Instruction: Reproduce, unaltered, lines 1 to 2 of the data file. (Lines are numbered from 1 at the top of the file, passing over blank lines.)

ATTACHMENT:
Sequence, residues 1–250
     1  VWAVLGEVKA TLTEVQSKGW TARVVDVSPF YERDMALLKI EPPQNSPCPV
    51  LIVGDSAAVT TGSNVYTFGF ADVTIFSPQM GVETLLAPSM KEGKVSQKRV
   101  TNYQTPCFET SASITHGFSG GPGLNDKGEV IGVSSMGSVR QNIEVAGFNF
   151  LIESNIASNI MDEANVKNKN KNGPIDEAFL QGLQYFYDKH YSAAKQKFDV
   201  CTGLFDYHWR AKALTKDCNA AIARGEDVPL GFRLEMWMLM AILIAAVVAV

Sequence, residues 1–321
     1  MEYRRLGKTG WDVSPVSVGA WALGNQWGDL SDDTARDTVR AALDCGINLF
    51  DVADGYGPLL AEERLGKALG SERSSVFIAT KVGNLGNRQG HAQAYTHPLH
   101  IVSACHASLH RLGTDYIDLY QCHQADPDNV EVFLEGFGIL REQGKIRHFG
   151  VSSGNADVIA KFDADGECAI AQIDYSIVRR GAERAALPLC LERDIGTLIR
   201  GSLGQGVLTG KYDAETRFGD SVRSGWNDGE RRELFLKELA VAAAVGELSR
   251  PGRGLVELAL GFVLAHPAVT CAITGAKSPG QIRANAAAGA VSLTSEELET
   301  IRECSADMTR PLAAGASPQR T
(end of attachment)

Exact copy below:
Sequence, residues 1–250
     1  VWAVLGEVKA TLTEVQSKGW TARVVDVSPF YERDMALLKI EPPQNSPCPV